by Jochen Markhorst
IV He lets them synthesize into a coherent thing
Black rider, black rider, you’ve seen it all
You’ve seen the great world, and you’ve seen the small
You fell into the fire, and you’re eating the flame
Better seal up your lips if you want to stay in the game
Be reasonable mister, be honest, be fair
Let all of your earthly thoughts be of prayer
A change does come in this second verse, but for the time being for the worse; the suggestion suddenly becomes that the Black Rider is the blackest of all: Satan himself. At least, that’s what the second and third verse lines really seem to insinuate. You’ve seen the great world, and you’ve seen the small is an echo of the words with which Mephisto announces Faust‘s entire arc of action. After Mephisto’s first attempt to infiltrate Faust’s household fails miserably, he makes himself known as the Devil, with the usual detours (“I am the spirit that denies”, “Destruction is my original element”, “Part of the part am I, which once was all”, and a few more such cryptic hints), but then gets to the point fairly quickly: he wants Faust’s soul. They agree on the terms, and then Faust asks:
Which way now shall we go?
Which way it pleases thee.
The little world and then the great we see.
O with what gain, as well as pleasure,
. Wilt thou the rollicking cursus measure!
… so, the little world and then the great world, it shall be – the same route that the Black Rider has travelled, according to the narrator. In Faust I, the setting is then the small world, the here and now, with a relatively manageable radius of action – Faust and Mephisto move roughly between Leipzig and the Brocken in the Harz, so some two hundred kilometres all in all. We get to know the great world in Faust II. Boundaries of time and space no longer exist; Faust and Mephisto are in Ancient Greece, in a dream world, at the court of a medieval emperor, crisscrossing Europe.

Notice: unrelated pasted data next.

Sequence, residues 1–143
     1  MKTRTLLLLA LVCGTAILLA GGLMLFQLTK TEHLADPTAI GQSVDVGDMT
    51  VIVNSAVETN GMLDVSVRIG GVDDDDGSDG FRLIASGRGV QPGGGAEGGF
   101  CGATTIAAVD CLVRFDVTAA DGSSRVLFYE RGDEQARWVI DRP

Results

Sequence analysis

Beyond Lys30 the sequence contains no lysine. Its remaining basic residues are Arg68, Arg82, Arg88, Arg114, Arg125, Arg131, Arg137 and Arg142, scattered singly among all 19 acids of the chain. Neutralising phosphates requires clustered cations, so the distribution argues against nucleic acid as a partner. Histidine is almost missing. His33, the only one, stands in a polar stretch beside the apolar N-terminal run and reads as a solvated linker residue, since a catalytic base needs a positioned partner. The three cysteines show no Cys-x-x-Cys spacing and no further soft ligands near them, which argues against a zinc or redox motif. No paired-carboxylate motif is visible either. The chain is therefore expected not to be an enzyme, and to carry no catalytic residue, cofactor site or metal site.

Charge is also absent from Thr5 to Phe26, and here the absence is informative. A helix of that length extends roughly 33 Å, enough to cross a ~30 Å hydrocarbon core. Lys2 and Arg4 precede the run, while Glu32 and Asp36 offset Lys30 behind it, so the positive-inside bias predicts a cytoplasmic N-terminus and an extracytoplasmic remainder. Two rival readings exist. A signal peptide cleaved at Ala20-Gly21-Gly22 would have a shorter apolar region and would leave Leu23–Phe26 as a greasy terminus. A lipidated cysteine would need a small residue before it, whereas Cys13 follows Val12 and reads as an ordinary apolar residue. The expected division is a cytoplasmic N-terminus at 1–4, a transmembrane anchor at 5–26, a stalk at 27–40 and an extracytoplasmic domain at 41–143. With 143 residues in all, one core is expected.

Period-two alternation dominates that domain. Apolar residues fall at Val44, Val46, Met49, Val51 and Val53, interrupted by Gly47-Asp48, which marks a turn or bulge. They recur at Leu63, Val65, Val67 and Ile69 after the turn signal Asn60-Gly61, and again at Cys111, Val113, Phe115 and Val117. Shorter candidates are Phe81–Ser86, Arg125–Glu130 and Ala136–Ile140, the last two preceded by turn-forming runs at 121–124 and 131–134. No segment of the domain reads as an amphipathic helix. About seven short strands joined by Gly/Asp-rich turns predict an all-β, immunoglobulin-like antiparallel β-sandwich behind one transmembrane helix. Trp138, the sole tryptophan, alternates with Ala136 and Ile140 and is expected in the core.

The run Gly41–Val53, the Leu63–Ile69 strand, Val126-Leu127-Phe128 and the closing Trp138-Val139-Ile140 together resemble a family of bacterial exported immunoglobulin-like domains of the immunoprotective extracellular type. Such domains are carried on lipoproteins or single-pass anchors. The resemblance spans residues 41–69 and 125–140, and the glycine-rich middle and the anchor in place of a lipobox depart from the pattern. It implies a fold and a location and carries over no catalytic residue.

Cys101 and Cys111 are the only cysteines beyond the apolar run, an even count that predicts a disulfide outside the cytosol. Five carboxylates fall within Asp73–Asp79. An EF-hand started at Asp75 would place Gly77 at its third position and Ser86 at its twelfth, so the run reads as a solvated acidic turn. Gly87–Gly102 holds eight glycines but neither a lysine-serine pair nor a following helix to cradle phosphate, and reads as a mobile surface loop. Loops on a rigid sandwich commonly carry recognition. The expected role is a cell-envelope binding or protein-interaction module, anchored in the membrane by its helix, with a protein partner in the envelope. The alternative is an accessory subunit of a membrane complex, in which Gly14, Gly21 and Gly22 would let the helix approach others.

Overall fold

And the next line, You fell into the fire, and you’re eating the flame, doesn’t really contradict the suggestion that the Black Rider is the Devil himself. Well, “fallen into the fire” fits, at the very least, Lucifer’s fall from grace, out of Heaven, straight into Hell, “so I brought fire out from your midst; it consumed you, and I turned you to ashes on the earth in the sight of all who saw you,” as God says it, flowery as ever, in Ezekiel (28:18). You’re eating the flame, however, is a less recognisable image. Remarkably, Dylan himself used it once before, more than 50 years ago:
Too much of nothing Can turn a man into a liar It can cause one man to sleep on nails And another man to eat fire
… in one of the Basement highlights that is, in “Too Much Of Nothing”. Apart from the wondrous content, it is notable that Dylan is now repeating himself for the second time: after the “Mississippi” quote in the opening verse, now a Basement paraphrase in the second verse.
It is a somewhat bizarre image. In “Too Much Of Nothing” we can deduce from the context that it should be understood as an expression of despair, and in the canon, we really only know it that way as well: Portia’s gruesome suicide from the fourth act of Shakespeare’s Julius Caesar (“she fell distract and, her attendants absent, swallowed fire”) – there are not many more examples of eating fire.
Quite a lot of examples of the opposite, of course. Tragic heroes consumed, eaten, devoured and extinguished by fire – we know hundreds of examples thereof. An “ordinary” playful inversion of the cliché, however, it doesn’t seem to be – there is, in any case, no illuminating continuation, not one that builds on this alienating image, or a mirroring of catachreses, as we know from 1960s songs like “Stuck Inside Of Mobile” (the post office has been stolen / and the mailbox is locked) or ” Sad-Eyed Lady Of The Lowlands” (your sheets like metal and your belt like lace).